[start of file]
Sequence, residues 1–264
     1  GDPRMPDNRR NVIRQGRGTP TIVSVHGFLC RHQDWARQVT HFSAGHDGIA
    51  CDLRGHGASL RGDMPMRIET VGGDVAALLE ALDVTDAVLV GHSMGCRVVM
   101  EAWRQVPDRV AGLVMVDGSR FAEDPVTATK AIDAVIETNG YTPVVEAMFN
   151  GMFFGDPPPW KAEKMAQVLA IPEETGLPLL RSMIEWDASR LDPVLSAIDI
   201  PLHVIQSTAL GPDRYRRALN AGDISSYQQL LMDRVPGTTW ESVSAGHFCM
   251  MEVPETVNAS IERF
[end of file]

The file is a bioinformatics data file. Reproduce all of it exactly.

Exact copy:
Sequence, residues 1–264
     1  GDPRMPDNRR NVIRQGRGTP TIVSVHGFLC RHQDWARQVT HFSAGHDGIA
    51  CDLRGHGASL RGDMPMRIET VGGDVAALLE ALDVTDAVLV GHSMGCRVVM
   101  EAWRQVPDRV AGLVMVDGSR FAEDPVTATK AIDAVIETNG YTPVVEAMFN
   151  GMFFGDPPPW KAEKMAQVLA IPEETGLPLL RSMIEWDASR LDPVLSAIDI
   201  PLHVIQSTAL GPDRYRRALN AGDISSYQQL LMDRVPGTTW ESVSAGHFCM
   251  MEVPETVNAS IERF